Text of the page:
PowerUp Heroes Review
A nice idea is ultimately unable to save this title from inherent controller problems
Posted by Alex V (SpectralShock) on Oct 18, 2011 - 1:21am EST (Oct 18, 2011 01:21)
The latest Xbox exclusive title to use the Kinect technology, PowerUp Heroes from Ubisoft, is a bit of a mixed bag. Unlike all of the similarly designed titles before it, like Kinect Sports, PowerUp Heroes tries to take the gameplay to a more serious, competitive setting but ultimately ends up suffering because of the underlying technology. Earning and using superpowers with your Xbox Avatars is fun, but it’s limited entertainment with a host of control issues.
The premise of the game is to take your Xbox Avatar and transform them into a superhero. During the game’s relatively short campaign, you take on the invading alien forces of Malignance, the main villain. Most of your enemies are robots rather than humans, thus disposing of them presents little moral consequence for the younger target audience. Defeating enemies earns experience as well as occasionally a new power unlock. A level up system is also present, but it doesn’t seem to have any direct impact on the gameplay. You can go back and repeat the campaign for new unlocks and bonuses, with enemies getting some strength upgrades but using the same tactics as before, thus presenting limited replay value.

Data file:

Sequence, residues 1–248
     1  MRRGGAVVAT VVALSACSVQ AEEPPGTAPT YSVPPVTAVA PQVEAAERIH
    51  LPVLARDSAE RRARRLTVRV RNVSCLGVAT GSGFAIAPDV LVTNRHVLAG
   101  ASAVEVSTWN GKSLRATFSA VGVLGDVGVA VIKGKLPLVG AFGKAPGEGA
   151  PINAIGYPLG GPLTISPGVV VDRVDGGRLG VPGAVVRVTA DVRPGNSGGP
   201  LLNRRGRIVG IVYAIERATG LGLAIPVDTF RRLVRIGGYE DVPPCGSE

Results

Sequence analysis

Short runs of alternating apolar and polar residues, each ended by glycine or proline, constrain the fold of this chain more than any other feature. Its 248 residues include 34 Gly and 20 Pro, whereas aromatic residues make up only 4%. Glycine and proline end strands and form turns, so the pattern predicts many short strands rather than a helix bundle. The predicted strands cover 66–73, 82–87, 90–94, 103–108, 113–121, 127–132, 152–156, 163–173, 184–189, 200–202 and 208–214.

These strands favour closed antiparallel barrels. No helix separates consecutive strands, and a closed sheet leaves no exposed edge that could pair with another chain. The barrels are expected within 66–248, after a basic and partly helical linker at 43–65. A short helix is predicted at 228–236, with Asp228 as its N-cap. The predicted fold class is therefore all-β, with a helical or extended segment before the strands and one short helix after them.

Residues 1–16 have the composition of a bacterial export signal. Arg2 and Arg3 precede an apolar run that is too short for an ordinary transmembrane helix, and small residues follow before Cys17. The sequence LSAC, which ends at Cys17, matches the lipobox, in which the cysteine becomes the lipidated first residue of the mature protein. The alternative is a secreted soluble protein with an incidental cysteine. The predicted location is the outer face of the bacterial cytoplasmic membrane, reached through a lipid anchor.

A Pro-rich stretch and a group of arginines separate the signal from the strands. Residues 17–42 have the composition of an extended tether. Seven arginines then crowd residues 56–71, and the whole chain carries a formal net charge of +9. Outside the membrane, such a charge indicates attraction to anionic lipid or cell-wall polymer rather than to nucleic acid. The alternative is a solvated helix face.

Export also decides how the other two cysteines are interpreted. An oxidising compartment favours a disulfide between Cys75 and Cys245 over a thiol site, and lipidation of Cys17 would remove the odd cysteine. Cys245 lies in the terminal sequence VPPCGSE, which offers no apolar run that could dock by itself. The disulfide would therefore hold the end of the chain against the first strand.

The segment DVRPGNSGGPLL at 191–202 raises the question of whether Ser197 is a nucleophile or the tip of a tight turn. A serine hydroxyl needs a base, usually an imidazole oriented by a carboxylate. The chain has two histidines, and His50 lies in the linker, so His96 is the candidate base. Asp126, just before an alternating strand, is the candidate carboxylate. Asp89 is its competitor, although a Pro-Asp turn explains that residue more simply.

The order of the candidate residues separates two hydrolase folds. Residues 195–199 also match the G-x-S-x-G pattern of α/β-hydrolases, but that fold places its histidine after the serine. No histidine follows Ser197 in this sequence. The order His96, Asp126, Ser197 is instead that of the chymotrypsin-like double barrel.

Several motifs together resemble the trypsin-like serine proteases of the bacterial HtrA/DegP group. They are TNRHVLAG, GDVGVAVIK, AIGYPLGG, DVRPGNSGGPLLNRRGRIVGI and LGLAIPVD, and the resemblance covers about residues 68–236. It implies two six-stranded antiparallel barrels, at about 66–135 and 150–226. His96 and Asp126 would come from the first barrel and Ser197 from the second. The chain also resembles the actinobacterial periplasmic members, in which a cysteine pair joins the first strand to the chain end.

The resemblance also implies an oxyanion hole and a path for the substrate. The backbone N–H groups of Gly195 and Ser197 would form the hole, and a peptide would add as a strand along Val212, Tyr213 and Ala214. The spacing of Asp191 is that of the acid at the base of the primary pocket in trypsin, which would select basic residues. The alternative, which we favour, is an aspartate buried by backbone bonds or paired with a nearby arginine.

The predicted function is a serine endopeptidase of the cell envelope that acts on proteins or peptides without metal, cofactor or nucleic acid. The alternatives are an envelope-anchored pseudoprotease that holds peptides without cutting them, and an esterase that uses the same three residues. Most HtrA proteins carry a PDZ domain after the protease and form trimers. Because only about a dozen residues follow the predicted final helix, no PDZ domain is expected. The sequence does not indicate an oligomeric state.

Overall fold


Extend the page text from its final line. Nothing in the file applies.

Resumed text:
Once your Avatar dawns the superhero suit, there are a number of basic powers at your disposal, such as the ability to dash or use a basic fireball. Featuring around 20 super powers and suits to be collected, the game gradually allows the player to gain new abilities and use them in future battles. The powers are usually powerful but fairly cliche, allowing players to raise the dead, spew lava, or control their enemies with mental powers. Suits are similarly designed to match their special abilities.
It all works in theory, but with Kinect, things don’t often go very smoothly. Rather than employing one to one motion capture, the game instead relies on icons which tells players what to do – and then using the resulting pre-animated sequences in the game. If prompts are followed correctly, players can execute attacks and even combos on their enemies with hand gestures, as well as dodge and run forward by body and leg movements. None of the moves are complex and the attack powers are limited, which often makes the combat feel a bit stale.